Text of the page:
DEVON County Council is ensuring that communities are well prepared to keep Devon moving during any severe weather over the coming Winter months.
Devon has a network of 265 Snow Warden volunteers across the county – as more than 60% of towns and parishes in Devon have signed up to Devon County Council’s winter self-help Snow Warden initiative.
The scheme is also currently being rolled out in Exeter where recognised community groups and residents’ associations who wish to be involved
Devon County Council’s salt stocks are at full capacity with around 25,000 tonnes ready to be used on the county’s roads, and more than 3,000 grit bins across Devon are currently being checked and re-filled.
Last year was an average winter, with around 11,000 tonnes of salt used to treat Devon’s roads. That was far less than the previous three harsh winters, the most severe of which saw nearly 30,000 tonnes of salt used in Devon in 2009/10.
Devon’s fleet of 74 gritters are also now on standby to grit the county’s combined primary and secondary salting routes which cover more than 2,000 miles of Devon.
In addition 12 new tractors with snow ploughs will be available from November to assist with any snow clearance that may be required.
Councillor Stuart Hughes, Devon County Council Cabinet Member for Highways and Transportation, said: “We are as prepared as we can be in the event of severe weather, with salt levels fully stocked and our fleet of gritters on standby should they be needed. The snow warden scheme has been received extremely positively by communities over the past 12 months and it is enabling us to work more closely with those towns and parishes involved.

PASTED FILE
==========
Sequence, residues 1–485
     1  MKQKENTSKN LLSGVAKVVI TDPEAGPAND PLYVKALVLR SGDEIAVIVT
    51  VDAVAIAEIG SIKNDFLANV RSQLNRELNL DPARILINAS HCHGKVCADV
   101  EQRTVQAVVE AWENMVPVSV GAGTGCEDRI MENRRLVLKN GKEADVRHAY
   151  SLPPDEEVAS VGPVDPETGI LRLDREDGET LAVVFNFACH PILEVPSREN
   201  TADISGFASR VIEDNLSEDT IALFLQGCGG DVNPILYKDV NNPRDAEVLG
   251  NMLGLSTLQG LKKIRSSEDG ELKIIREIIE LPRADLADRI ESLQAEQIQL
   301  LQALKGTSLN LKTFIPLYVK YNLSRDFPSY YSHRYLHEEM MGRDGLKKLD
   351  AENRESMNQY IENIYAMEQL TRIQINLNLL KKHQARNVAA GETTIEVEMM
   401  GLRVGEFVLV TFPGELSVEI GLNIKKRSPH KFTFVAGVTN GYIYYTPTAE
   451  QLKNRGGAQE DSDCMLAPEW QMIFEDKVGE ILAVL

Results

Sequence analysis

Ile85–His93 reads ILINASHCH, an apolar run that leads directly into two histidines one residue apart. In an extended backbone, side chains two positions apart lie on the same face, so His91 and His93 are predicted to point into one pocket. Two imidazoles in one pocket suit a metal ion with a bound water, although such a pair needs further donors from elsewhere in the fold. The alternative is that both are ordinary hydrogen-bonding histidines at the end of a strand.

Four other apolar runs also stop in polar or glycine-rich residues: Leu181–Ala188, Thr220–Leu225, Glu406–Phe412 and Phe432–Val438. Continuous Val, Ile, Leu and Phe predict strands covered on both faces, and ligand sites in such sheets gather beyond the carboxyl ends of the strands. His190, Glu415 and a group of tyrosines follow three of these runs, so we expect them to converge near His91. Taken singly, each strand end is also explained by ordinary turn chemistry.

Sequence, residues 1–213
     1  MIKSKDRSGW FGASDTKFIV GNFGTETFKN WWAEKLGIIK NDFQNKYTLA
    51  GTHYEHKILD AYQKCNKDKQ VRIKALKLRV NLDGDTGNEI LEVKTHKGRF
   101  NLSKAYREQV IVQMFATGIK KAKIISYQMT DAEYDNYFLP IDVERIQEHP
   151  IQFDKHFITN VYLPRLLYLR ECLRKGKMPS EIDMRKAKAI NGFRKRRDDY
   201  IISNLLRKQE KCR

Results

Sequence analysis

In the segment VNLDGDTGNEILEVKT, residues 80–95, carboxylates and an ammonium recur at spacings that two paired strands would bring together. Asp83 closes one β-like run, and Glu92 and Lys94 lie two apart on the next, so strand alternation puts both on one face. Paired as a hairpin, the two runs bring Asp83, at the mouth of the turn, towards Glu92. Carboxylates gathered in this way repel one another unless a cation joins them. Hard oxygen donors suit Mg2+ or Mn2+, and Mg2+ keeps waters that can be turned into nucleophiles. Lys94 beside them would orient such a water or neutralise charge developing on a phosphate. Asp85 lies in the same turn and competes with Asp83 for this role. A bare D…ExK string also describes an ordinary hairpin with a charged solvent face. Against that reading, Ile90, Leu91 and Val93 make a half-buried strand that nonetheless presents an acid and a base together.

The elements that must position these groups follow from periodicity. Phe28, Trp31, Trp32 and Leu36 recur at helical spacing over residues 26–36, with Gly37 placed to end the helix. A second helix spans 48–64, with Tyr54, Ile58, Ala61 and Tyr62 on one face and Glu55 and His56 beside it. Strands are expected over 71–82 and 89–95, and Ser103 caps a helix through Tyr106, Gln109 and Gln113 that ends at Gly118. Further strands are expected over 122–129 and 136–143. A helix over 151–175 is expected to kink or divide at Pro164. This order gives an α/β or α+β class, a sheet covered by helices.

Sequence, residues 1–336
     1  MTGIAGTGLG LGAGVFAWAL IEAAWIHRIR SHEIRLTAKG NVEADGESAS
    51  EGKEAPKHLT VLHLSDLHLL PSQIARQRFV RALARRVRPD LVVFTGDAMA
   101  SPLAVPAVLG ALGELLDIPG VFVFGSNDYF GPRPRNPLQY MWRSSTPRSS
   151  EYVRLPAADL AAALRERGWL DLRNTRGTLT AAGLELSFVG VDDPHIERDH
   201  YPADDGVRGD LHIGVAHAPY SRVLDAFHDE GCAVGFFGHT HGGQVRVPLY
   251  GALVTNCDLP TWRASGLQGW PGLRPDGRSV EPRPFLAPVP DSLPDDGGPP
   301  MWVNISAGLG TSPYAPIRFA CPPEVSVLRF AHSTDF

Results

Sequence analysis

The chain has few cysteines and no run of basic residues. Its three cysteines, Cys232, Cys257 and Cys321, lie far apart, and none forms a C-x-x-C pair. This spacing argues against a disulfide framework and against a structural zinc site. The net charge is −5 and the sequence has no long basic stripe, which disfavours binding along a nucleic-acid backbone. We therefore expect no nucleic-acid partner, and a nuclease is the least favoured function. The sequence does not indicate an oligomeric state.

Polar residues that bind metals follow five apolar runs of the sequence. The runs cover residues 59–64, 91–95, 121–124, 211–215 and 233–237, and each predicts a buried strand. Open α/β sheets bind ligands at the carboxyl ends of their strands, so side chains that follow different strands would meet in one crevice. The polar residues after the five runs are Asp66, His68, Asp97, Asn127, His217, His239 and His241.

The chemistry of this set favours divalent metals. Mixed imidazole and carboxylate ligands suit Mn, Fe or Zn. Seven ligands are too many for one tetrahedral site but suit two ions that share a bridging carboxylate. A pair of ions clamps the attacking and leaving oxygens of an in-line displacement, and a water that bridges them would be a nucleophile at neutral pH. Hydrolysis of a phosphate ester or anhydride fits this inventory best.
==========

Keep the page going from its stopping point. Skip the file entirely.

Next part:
“Because our 8,000 mile highway network is bigger than any other local authority in the country it is impossible to treat all of our roads. The snow wardens provide an additional level of resilience during severe winter weather, at the very local level which otherwise would be impossible to achieve without them. The Snow Wardens provide an important link to the County Council and they really can make the difference during prolonged severe weather by co-ordinating their efforts where they feel it is needed most.”
Devon County Council is reminding everyone of the following advice:
• Avoid overnight travel unless absolutely essential as roads will always be more hazardous at night with less traffic and colder temperatures;
• Never assume a road has been salted. Remember that showers or rain will wash salt off roads leaving them prone to ice and, in extreme cold, even salting will not stop ice from forming;
• Allow additional time for your journey and reduce your speed;
• Drive with care and according to the conditions;
• If you have vulnerable or elderly neighbours, find out how they could possibly be helped through the cold spell;
• Listen to local radio for updates on current weather conditions.
For more information and travel advice visit: www.devon.gov.uk/winter